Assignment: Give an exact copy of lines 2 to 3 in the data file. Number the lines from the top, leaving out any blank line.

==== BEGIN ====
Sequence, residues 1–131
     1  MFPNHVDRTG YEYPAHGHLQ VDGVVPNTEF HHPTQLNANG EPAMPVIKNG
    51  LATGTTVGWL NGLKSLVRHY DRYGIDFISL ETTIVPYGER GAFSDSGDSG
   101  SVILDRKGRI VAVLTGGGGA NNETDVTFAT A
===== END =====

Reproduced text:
     1  MFPNHVDRTG YEYPAHGHLQ VDGVVPNTEF HHPTQLNANG EPAMPVIKNG
    51  LATGTTVGWL NGLKSLVRHY DRYGIDFISL ETTIVPYGER GAFSDSGDSG